- the “same interest” requirement is not to be deployed rigidly, but rather the interest must exist amongst the parties “for all practical purposes” (citing Irish Shipping Limited v Commercial Union Assurance Co. PLC  2 QB 206);
- the presence of separate, individual claims for damages by the represented parties is not necessarily a bar to the making of an order for a representative action, if those individual claims are of secondary or subsidiary importance (citing Duke of Bedford v Ellis  AC 1);
- the “same interest” analysis is undertaken by the court at the time of the application under CPR 19.6, taking into account the likely defences, and not just by reference to the claimants’ pleadings; and
- the represented class must be capable of being ascertained at the outset of the proceedings, without a determination on liability (citing Emerald Supplies).
Coulson LJ also examined the objectives of CPR 19.6, noting that its primary purpose is the saving of time and costs, and the avoidance of procedural complexity. The court only tries the claims of the representatives; it does not consider the individual claims of the represented parties. Otherwise the principal benefit of the representative action is lost. Coulson LJ noted that some pollution cases can be well-suited to proceeding as representative actions, eg if a group of residents seek an injunction to prevent emissions from a chemical plant, in which case it is “overwhelmingly likely” they will have the same interest in the claim. This requirement is, however, much less likely to be met, for example, if the residents have claims for different personal injuries arising from the pollution caused by the chimney. In such cases other vehicles for group litigation – such as GLOs – will be more appropriate.
In the present case, Coulson LJ held that none of the purposes of CPR 19.6 could be achieved by allowing the case to proceed on a representative basis.
This was apparent from the claimants’ submissions, which conceded that issues such as limitation (including the factual issue of when the oil first struck the land), alternative causation (such as whether the damage was caused by other oil spills), and whether the damage to each parcel of land justified the remedial scheme sought, would have to be addressed on an individual basis. Trying the case in this way would plainly fail to achieve the procedural economy to which CPR 19.6 aspires. As Coulson LJ put it, “it would become a representative action in name only, and not in substance”.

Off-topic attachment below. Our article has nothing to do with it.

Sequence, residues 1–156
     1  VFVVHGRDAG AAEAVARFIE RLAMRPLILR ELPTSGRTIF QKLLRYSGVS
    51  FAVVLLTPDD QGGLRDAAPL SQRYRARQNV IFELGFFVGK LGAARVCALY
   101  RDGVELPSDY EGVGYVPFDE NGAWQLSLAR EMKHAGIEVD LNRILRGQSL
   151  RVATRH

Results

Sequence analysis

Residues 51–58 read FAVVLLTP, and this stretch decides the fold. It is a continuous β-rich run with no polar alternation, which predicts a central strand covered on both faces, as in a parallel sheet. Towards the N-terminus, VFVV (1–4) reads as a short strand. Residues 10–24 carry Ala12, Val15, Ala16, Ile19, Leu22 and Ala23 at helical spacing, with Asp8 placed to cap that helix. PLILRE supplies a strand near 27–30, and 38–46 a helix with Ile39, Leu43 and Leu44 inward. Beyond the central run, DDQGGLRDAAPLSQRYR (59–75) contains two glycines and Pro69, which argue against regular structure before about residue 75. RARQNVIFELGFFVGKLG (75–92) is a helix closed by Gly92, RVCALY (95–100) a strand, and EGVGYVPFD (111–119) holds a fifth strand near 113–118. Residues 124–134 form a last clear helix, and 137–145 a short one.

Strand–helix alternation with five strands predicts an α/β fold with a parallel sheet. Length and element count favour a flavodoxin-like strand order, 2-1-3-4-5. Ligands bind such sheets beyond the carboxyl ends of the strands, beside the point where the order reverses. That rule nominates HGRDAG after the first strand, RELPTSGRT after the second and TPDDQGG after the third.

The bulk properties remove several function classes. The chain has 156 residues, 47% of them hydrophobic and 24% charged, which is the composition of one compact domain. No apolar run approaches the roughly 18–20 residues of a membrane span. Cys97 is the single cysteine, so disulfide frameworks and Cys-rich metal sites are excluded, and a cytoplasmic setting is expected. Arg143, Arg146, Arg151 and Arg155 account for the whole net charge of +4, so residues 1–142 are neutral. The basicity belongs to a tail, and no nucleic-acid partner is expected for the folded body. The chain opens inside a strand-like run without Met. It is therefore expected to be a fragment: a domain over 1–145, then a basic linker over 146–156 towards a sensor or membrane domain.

Coulson LJ rejected a suggestion that the instant case raised access to justice concerns. He said the claims “could (and perhaps should)” have been brought by way of a GLO, or by individual claimants under a consolidated particulars of claim with sensible case management. The fact that they were not brought as such, and had now been struck out, was a result of the claimants’ and the represented parties’ own making, and not a question of access to justice.
Noting that the above analysis made clear that the High Court judge was correct “as a matter of principle”, to conclude this was not a representative action, Coulson LJ then turned to the specific grounds of appeal raised by the claimants.
In the first ground the claimants argued that the instant case was materially indistinguishable from Lloyd v Google, in that in both cases the represented parties suffered the same type of loss as the claimants. As the Court of Appeal had found that it was appropriate for Lloyd v Google to be brought as a representative action, so the instant case should be treated as such.
Coulson LJ’s held that the instant case was in fact very different to Lloyd v Google. The latter case involved a statutory claim where all the represented parties had, by definition, suffered the same breach and the same type of damage – the loss of rights in their confidential information. In the instant case, however, the cause of action required proof of actual damage to land resulting from the 2011 oil spill. Not only would that require a trial before it could be ascertained, breaching the principle in Emerald Supplies noted above, it was highly likely that the actual damage would differ between each parcel of land due to the varying spread, scale and long-term effect of the oil spill between the relevant geographies.
Further, the presence of limitation and causation issues in the instant case, which also likely varied among the represented claimants, also militated against a comparison between the cases.
The first ground of appeal was accordingly rejected.
In the second ground the claimants argued that Stuart-Smith J erred in concluding that because the represented claimants needed to prove individual loss and damage this was not suitable for a representative action. They relied on Duke of Bedford, as noted above, in which the represented claimants had separate, individual claims which were said to be subsidiary to the main issue in the representative action.
Coulson LJ considered that this argument mischaracterised the judge’s reasoning. The decision below was clear that the existence of individual claims did not preclude the finding of a representative action. This was the correct approach, as it upheld the principle in Irish Shipping noted above that the claims must be the same “for all practical purposes”, but not precisely identical. Further, the elements of the represented claims which in this case fell to be determined individually – including specifically whether the damage justified the remediation sought – were not subsidiary matters (as in Duke of Bedford) but an integral part of the proceedings.
Accordingly the second ground of appeal was also rejected.